TIFTON, GA (WALB) - Watermelon harvest is underway in South Georgia.
Marks Melon Patch's owner Mark Daniel said having a variety of watermelons for customers is key this season.
He explained folks are buying some as small as four to five pounds.
"People are wanting a smaller type of watermelon on average," said Daniel, like his seedless Sweet Gem melons from the Sugar Baby family.
"Exceptional sweet flavor, I mean the sweetest one we offer in my opinion," said Daniel.
Gone are the days when you could get by with the same old mediocre-tasting watermelon, he makes sure all of his varieties are flavorful.
"People just expect exceptional, fantastic flavor and I think that's what we get with that sweet gem," remarked Daniel.
His watermelons range in size and color.
"It's just a little niche thing, it's not something you don't usually find yellow meat watermelon in the grocery store," said Daniel.
With the mild spring, he and his crew started picking as early as May.
He's also been on the lookout for fungal diseases that could hurt his melons.
"We try to do a good job on preventative measures to keep that in check because watermelons are highly susceptible to diseases," explained Daniel.
But for the most part, his yields were looking good for those watermelon lovers.
Daniel said his prices are the same as last year, some range between $7 to $8 at Mark's Melon Patch.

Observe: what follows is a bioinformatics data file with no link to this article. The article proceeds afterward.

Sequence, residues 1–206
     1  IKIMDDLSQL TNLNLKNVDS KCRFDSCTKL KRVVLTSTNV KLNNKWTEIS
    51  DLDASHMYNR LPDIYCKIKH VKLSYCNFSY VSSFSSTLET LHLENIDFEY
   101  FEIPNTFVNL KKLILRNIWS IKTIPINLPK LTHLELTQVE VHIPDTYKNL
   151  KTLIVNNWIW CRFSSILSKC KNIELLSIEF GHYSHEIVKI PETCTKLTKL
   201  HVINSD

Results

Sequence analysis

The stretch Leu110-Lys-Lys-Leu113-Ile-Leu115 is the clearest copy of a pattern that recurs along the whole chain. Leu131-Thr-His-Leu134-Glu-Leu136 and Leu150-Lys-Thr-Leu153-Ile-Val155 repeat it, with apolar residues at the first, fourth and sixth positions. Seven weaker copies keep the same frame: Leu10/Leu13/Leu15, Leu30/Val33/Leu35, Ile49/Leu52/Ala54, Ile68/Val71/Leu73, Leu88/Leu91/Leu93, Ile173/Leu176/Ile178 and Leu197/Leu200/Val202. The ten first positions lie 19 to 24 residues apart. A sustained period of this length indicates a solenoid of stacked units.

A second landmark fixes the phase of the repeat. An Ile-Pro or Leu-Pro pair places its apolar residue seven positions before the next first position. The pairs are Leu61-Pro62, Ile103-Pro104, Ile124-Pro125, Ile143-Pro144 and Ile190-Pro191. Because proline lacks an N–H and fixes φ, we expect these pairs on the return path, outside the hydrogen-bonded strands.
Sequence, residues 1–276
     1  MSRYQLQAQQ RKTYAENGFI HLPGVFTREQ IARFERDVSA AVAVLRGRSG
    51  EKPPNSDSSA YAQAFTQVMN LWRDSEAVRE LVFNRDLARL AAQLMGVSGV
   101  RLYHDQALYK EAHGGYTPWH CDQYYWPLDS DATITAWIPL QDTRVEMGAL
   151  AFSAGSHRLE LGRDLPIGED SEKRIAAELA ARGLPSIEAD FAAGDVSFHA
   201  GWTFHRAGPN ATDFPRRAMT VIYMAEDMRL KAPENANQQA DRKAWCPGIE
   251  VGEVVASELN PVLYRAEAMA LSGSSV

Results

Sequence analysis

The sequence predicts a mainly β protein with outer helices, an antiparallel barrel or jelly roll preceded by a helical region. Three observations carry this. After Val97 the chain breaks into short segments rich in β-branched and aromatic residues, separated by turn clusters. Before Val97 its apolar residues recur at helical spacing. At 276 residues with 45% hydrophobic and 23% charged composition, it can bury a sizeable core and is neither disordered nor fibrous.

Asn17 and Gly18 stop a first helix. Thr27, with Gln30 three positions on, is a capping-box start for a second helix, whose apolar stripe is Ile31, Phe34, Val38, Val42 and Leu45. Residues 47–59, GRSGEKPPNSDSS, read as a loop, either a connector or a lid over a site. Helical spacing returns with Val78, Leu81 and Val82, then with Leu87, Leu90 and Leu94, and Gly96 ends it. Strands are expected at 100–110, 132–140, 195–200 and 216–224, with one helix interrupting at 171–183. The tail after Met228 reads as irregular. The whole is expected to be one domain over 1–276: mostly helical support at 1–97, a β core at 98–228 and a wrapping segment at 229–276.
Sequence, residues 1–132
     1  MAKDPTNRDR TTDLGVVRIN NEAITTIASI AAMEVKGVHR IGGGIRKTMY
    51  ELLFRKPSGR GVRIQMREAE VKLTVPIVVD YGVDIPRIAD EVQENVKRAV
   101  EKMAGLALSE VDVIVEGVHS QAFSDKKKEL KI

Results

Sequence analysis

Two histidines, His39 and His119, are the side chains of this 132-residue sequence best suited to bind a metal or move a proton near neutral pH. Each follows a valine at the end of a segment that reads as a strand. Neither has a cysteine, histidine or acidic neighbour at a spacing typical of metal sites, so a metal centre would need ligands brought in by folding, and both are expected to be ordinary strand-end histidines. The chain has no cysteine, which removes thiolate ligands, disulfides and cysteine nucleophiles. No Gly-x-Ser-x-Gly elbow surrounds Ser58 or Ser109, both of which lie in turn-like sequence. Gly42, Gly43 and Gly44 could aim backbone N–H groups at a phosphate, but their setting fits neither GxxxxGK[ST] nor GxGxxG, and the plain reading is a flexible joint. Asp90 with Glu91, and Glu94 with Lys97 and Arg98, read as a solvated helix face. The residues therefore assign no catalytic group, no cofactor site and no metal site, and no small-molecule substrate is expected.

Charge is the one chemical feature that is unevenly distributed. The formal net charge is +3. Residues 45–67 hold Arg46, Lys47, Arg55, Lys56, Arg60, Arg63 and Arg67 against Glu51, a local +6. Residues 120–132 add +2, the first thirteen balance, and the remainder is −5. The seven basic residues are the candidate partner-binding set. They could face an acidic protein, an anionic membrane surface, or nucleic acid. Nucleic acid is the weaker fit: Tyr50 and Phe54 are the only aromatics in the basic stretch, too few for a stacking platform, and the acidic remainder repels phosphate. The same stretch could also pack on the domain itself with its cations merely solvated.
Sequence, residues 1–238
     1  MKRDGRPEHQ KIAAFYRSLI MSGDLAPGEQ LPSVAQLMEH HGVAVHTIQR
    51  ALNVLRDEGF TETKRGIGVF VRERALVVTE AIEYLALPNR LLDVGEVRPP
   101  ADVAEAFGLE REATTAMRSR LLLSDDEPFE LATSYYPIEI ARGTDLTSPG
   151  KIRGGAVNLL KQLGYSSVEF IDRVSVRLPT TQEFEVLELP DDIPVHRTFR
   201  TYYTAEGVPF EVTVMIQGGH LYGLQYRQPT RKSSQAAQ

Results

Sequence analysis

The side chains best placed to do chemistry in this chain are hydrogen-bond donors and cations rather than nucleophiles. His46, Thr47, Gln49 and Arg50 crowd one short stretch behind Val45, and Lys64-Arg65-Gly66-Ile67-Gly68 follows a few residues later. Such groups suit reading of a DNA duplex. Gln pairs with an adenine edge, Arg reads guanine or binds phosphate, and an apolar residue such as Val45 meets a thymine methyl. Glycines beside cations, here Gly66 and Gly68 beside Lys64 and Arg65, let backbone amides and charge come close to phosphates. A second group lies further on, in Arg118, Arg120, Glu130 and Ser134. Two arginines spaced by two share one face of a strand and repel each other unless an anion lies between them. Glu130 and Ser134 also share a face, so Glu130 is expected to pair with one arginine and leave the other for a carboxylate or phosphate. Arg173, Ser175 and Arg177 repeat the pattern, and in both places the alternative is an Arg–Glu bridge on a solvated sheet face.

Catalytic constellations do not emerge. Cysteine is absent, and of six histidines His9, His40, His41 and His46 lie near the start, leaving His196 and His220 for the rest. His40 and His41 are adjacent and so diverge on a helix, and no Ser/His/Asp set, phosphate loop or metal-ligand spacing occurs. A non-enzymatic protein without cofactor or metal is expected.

UGA Tifton experts said yields are looking good for Southwest Georgia.
Professors were finding that farmers are producing a darker rind, and some even have a thinner rind, with a high quality flesh.
A bulk of the acreage is 14 to 16 pound fruit.
Most farmers are about two to three weeks into harvesting.
Farmers are on track to produce 22,000 acres.
"We hadn't seen any indications that that would decrease or increase dramatically this year so we're probably going to be in that ballpark. And so far prices have remained consistent and quality has been good thus far," said UGA Professor Dr. Tim Coolong.
UGA experts also said companies and farmers are also focusing on quality and increasing disease resistant watermelons.
Most of the farmers scout their crops to make sure they don't have fungal diseases.
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